San Francisco 49ers FB Kyle Juszczyk Photo: USATSI
By USA TODAY
The thrilling end to Sunday night’s Super Bowl sent fans around the country scrambling to understand the NFL’s new postseason overtime rules.
It turns out some San Francisco 49ers players were in the same boat.
After San Francisco’s 25-22 overtime loss to the Kansas City Chiefs, multiple 49ers players acknowledged to reporters that they hadn’t brushed up on the postseason overtime rules, which were most recently tweaked in 2022. Fullback Kyle Juszczyk said the 49ers had not talked about it as a team prior to Sunday night.
“You know what, I didn’t even realize the playoff rules were different in overtime,” Juszczyk told reporters. “So I assumed you just want the ball because you score a touchdown and win. But I guess that’s not the case. So I don’t totally know the strategy there.”
Defensive lineman Arik Armstead said players saw the rules appear on the jumbotron at Allegiant Stadium, prompting some confusion about whether the game would automatically end with a score on the first possession.
“I didn’t even know about the new playoff overtime rule, so it was a surprise to me,” Armstead told reporters. “I didn’t even really know what was going on in terms of that.”
Chiefs defensive lineman Chris Jones told reporters his team had a different approach, both in terms of pregame communication about the new rules and their preferred strategy.
“We talked for two weeks about new overtime rules,” he said. “Give the ball to the opponent. If we score, we go for 2.”
It is exceedingly rare for the Super Bowl to reach overtime. In fact, it’s only happened twice.
The first time, the New England Patriots’ 34-28 win over the Atlanta Falcons in 2017, the NFL was operating under its old overtime rules, which stated the game would end if the first team to possess the ball in overtime scored a touchdown. The NFL changed that rule in 2022 to ensure both teams have a chance to possess the ball; If the game is still tied after two possessions, the next team that scores is declared the winner.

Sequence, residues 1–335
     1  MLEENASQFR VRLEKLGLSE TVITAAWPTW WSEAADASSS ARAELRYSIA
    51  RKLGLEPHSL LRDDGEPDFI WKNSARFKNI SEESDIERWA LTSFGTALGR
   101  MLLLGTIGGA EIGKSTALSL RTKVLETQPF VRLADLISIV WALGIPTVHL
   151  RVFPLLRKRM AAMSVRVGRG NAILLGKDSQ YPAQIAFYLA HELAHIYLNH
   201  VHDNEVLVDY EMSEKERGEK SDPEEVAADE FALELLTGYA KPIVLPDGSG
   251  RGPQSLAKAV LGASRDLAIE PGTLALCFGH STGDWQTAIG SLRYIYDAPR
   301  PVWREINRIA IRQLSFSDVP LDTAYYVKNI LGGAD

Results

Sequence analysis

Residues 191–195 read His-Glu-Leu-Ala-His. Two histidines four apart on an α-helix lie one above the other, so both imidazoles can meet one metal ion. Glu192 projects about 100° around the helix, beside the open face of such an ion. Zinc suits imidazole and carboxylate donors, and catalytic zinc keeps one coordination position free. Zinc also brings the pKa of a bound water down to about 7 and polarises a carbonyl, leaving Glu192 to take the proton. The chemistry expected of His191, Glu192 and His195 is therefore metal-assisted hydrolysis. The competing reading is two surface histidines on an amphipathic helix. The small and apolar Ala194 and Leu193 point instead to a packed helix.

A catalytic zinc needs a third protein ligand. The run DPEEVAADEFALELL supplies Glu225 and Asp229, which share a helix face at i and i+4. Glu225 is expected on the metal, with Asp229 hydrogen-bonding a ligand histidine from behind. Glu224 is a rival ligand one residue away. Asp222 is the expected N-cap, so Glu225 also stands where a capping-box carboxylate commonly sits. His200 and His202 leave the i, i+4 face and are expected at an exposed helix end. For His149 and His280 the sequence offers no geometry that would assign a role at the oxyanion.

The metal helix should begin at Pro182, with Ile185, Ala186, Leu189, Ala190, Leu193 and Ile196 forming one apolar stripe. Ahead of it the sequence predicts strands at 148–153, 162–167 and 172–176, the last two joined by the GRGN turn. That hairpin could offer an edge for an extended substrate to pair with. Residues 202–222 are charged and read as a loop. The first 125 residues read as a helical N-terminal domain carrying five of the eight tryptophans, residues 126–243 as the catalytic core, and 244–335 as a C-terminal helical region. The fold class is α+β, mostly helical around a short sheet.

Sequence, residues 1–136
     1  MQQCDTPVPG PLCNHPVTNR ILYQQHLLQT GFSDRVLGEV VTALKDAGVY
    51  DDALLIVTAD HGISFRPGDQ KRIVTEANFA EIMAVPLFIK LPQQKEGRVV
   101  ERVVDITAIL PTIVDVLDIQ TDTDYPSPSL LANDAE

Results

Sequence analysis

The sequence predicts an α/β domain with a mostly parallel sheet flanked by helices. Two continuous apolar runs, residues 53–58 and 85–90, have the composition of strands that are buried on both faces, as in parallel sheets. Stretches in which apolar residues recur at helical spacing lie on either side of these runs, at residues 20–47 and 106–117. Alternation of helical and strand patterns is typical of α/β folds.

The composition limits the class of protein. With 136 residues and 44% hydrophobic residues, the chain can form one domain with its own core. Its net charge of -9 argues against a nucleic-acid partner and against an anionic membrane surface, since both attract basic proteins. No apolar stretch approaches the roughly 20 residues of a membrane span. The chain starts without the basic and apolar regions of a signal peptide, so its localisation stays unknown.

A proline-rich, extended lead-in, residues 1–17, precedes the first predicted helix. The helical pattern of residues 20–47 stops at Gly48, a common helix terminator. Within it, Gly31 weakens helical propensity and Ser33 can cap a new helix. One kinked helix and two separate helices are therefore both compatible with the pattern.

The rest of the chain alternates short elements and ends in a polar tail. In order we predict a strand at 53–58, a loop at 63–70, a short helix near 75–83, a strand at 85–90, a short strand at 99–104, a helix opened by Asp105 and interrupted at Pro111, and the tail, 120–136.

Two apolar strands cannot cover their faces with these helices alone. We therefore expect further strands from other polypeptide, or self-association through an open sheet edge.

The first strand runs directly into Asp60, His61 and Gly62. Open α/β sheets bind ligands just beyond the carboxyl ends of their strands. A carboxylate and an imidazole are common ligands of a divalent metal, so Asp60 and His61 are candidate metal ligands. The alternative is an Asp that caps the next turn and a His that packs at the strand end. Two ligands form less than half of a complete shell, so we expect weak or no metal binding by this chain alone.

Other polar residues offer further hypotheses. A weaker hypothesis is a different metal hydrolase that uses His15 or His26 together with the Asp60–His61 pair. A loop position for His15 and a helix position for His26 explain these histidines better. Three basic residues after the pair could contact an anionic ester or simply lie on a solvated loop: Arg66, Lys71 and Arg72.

The rule change has clear implications in terms of strategy. Under the old format, the NFL found that whichever team won the overtime coin toss had a substantial advantage, winning more than 80% of the time in playoff games from 2010 to 2021. Under the new format, there’s more nuance.
The 49ers won the coin toss Sunday night and opted to take the ball first in overtime, with coach Kyle Shanahan later explaining it was a calculated move by the coaching staff, despite confusion among at least some of his players.
“We went through all the analytics and talked to those guys,” Shanahan told reporters. “We wanted the ball third. If both teams matched and scored, we wanted to be the ones with a chance to go win.”
Chiefs head coach Andy Reid said he doesn’t think there’s a correct or incorrect way to approach overtime in the playoffs, and he’s not about to doubt Shanahan’s decision to receive the ball first.
“I’m not sure there’s a right answer, necessarily,” Reid said. “Ours ended up being the right one. But that easily could’ve gone the other way. That’s what we felt was the right thing to do.”
Contributing: Lorenzo Reyes and The Associated Press